Assignment of receivables – what is it and how does it work?

Assignment in the context of a receivable means the transfer of rights related to it to another person or entity. For this purpose, an appropriate contract is usually concluded (although this is not a necessary condition). What is the assignment of receivables, when is it worth using and what should you know about it before you decide to implement it?
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Art. 509 of the Civil Code specifies that a creditor may transfer a claim to a third party even without the consent of the debtor – unless this would be contrary to the law, a contractual stipulation or the nature of the obligation. This means that the sale of receivables can – under certain conditions – take place without involving the debtor in the process. We will return to this later in the article.

In Art. 509 §2 of the Civil Code reads that the purchaser, when deciding to purchase a receivable, also gains the right to claim overdue interest and any other rights arising from the purchased receivable.


As a result, the entrepreneur decides to assign the claim to another entity. That’s how – in a nutshell – invoice financing works at PragmaGO.

Mr. Arkadiusz finds a company that decides to purchase the claim from him. In this situation, Mr. Arkadiusz becomes the assignor, while the buyer of the claim becomes the assignee. The parties then agree on the details, such as the form and term of payment or the type of agreement (it can be a written agreement or even a notarial deed – a debt transfer should not be implemented on the basis of an oral agreement).

The next step should be to inform the debtor of the assignment. Although in most cases we don’t need permission to execute an assignment, the debtor must be aware that there has been a transfer of the claim – if only because he should make payments to the new bank account number.

Lack of clear information may result in the debtor paying the previous creditor. This will only lengthen the path the receivable must take.

In a situation where a creditor has notified the debtor that an assignment has taken place, and the debtor nevertheless makes a transfer to the wrong account (for example, to the account of a previous creditor), the current creditor may demand payment from the debtor. This is mentioned in Art. 512 KC:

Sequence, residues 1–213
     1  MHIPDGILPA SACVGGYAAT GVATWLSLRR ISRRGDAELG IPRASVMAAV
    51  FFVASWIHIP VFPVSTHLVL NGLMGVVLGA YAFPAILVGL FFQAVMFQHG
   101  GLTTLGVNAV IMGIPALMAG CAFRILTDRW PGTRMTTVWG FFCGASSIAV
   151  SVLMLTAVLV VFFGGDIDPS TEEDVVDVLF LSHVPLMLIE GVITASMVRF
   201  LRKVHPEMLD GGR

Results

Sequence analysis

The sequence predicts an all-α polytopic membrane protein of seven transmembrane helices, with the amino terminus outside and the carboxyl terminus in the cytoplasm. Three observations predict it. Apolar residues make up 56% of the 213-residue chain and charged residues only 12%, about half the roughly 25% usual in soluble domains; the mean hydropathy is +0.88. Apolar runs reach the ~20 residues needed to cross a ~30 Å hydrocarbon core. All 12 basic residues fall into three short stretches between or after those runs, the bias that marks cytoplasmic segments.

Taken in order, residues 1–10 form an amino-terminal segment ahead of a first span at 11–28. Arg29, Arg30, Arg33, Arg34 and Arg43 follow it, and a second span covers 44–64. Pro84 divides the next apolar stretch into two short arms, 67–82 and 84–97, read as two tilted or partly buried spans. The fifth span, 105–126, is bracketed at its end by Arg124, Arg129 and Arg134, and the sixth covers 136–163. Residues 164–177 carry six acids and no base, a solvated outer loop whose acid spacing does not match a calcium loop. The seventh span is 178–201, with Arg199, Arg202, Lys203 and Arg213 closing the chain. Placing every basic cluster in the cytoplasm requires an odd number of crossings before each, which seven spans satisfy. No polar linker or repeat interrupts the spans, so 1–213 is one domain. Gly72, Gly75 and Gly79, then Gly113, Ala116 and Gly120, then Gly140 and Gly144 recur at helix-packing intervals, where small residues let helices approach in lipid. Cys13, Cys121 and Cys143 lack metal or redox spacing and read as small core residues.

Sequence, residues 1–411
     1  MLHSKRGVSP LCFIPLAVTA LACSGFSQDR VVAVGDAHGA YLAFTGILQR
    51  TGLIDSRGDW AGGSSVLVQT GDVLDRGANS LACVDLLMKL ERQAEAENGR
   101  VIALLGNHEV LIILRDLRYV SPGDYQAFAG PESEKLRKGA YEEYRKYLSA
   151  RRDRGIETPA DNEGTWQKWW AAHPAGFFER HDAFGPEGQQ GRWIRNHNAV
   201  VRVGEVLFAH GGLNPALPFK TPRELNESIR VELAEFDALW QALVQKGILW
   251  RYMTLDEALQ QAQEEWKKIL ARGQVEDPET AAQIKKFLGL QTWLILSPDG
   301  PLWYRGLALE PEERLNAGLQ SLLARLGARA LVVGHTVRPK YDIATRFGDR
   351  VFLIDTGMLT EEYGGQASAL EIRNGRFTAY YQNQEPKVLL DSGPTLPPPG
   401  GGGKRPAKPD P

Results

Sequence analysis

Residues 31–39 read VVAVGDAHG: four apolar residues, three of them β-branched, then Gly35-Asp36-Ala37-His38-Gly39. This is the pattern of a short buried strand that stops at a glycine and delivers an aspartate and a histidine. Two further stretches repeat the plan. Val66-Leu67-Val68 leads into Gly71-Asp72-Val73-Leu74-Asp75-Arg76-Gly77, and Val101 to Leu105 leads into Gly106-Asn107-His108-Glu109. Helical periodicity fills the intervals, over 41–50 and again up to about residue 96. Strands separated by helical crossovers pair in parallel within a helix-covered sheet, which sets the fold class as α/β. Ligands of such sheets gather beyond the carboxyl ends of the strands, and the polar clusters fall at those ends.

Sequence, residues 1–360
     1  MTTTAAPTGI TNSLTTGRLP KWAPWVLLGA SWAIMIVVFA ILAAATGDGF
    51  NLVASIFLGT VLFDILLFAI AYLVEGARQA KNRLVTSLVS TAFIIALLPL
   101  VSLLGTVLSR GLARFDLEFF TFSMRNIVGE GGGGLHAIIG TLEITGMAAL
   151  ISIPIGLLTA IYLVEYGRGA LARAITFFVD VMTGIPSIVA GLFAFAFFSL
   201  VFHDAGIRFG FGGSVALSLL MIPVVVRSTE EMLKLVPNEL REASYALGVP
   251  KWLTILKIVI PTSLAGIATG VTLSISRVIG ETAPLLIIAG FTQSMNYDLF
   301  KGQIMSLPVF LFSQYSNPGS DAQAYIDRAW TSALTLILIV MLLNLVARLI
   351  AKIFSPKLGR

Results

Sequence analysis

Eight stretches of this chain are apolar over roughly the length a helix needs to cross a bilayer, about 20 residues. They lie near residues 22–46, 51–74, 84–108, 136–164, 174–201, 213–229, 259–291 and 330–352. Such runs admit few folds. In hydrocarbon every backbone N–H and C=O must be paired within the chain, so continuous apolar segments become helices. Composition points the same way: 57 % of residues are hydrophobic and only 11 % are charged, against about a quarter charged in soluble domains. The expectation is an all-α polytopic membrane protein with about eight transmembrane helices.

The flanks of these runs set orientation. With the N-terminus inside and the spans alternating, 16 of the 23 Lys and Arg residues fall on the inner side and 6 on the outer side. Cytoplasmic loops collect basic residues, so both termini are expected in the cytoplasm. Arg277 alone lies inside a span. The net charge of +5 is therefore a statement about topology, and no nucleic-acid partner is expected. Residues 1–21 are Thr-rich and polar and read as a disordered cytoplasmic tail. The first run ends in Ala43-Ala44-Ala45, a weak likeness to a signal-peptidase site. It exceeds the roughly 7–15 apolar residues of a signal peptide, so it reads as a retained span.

As long as the transferor has not notified the debtor of the transfer, performance to the previous creditor has effect against the transferee, unless the debtor knew of the transfer at the time of performance. This provision shall apply mutatis mutandis to other legal transactions between the debtor and the previous creditor.

Finally, there is an assignment of receivables, in accordance with the terms of the agreement between the assignor and assignee. This agreement should state what type of receivables the assignment concerns, as well as the value of the assignment and the due date.


There are several situations in which it is impossible to make an assignment of claims under penalty of invalidity:

  • When the parties to a transaction have indicated in the contract between them that the claim and the rights arising from it cannot be transferred to another person or entity – this is called an exclusion of the transfer of the claim.
  • When the parties to the transaction establish restrictions on the transfer of claims in the contract and these provisions are broken.
  • When the assignment opposes the nature of the obligation. This applies to situations where it matters to whom the debtor owes money (e.g., in the case of alimony payments, claims for pension rights, claims for protection of property), as well as when the purpose of the claim can only be achieved if the performance is fulfilled personally to the creditor (this applies to parts of contracts of mandate, contracts of work, leases and rental agreements).

In theory, drafting an assignment agreement in writing is not necessary. It can even be concluded verbally, but in the vast majority of cases Art. 511 of the Civil Code, which states that “if a claim is stated in writing, the transfer of that claim should also be stated in writing.”

Moreover, the written form of the assignment significantly facilitates the resolution of any disputes. Even the above-cited Art. 511 of the Civil Code, however, does not preclude the possibility of an assignment based on an oral agreement. This is evidenced by the Supreme Court Judgment of dn. 8.02.2002 r. (ref. II CKN 1160/99), which reads:

The provision of Art. 511 of the Civil Code does not provide for the rigor of nullity if the transfer is made without the requirement of written form. In such a situation, according to Art. 74 § 1 of the Civil Code, failure to observe the written form stipulated in Art. 511 of the Civil Code does not result in the invalidity of the transfer agreement, but only in certain statutory limitations of evidence.


Notarization of the assignment of receivables can not only be an additional safeguard against possible problems with the enforcement of the assignment provisions, but also an obligation.

If the creditor has taken legal action against the debtor for an unpaid debt, won the case, and an enforceability clause was imposed on the court judgment or payment order before the assignment was made, the transfer of the claim must be notarized.

Only in this way will the current owner of the claim be able to refer the case to the bailiff without hindrance. If the parties to the assignment decided to enter into it without a notarial deed, the creditor would have no recourse to an already issued judgment or order for payment – after all, all the court documents would refer to a different entity or person.



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